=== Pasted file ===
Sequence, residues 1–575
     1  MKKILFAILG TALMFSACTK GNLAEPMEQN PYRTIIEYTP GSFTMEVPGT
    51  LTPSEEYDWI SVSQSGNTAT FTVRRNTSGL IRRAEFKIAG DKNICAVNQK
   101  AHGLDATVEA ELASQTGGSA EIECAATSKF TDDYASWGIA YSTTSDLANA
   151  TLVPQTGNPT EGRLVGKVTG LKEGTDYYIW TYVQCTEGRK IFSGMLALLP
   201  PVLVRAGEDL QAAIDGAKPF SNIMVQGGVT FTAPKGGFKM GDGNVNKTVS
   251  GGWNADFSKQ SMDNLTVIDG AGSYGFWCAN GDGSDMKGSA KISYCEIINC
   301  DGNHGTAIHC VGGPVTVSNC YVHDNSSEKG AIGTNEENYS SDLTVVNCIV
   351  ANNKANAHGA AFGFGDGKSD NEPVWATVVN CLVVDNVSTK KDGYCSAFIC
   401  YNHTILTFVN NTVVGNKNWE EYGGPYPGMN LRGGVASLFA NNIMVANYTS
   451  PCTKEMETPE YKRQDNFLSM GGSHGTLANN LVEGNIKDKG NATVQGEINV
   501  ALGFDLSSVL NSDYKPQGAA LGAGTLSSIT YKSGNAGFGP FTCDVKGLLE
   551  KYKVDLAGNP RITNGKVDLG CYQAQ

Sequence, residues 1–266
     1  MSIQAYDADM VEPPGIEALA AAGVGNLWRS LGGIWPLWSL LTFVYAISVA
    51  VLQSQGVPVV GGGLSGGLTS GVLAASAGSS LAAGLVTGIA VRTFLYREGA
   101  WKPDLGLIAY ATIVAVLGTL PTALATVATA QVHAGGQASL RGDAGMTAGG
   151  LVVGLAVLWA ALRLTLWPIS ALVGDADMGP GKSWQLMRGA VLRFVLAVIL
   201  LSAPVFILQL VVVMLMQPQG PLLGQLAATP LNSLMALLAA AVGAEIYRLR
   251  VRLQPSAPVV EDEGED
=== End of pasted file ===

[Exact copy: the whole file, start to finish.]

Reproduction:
Sequence, residues 1–575
     1  MKKILFAILG TALMFSACTK GNLAEPMEQN PYRTIIEYTP GSFTMEVPGT
    51  LTPSEEYDWI SVSQSGNTAT FTVRRNTSGL IRRAEFKIAG DKNICAVNQK
   101  AHGLDATVEA ELASQTGGSA EIECAATSKF TDDYASWGIA YSTTSDLANA
   151  TLVPQTGNPT EGRLVGKVTG LKEGTDYYIW TYVQCTEGRK IFSGMLALLP
   201  PVLVRAGEDL QAAIDGAKPF SNIMVQGGVT FTAPKGGFKM GDGNVNKTVS
   251  GGWNADFSKQ SMDNLTVIDG AGSYGFWCAN GDGSDMKGSA KISYCEIINC
   301  DGNHGTAIHC VGGPVTVSNC YVHDNSSEKG AIGTNEENYS SDLTVVNCIV
   351  ANNKANAHGA AFGFGDGKSD NEPVWATVVN CLVVDNVSTK KDGYCSAFIC
   401  YNHTILTFVN NTVVGNKNWE EYGGPYPGMN LRGGVASLFA NNIMVANYTS
   451  PCTKEMETPE YKRQDNFLSM GGSHGTLANN LVEGNIKDKG NATVQGEINV
   501  ALGFDLSSVL NSDYKPQGAA LGAGTLSSIT YKSGNAGFGP FTCDVKGLLE
   551  KYKVDLAGNP RITNGKVDLG CYQAQ

Sequence, residues 1–266
     1  MSIQAYDADM VEPPGIEALA AAGVGNLWRS LGGIWPLWSL LTFVYAISVA
    51  VLQSQGVPVV GGGLSGGLTS GVLAASAGSS LAAGLVTGIA VRTFLYREGA
   101  WKPDLGLIAY ATIVAVLGTL PTALATVATA QVHAGGQASL RGDAGMTAGG
   151  LVVGLAVLWA ALRLTLWPIS ALVGDADMGP GKSWQLMRGA VLRFVLAVIL
   201  LSAPVFILQL VVVMLMQPQG PLLGQLAATP LNSLMALLAA AVGAEIYRLR
   251  VRLQPSAPVV EDEGED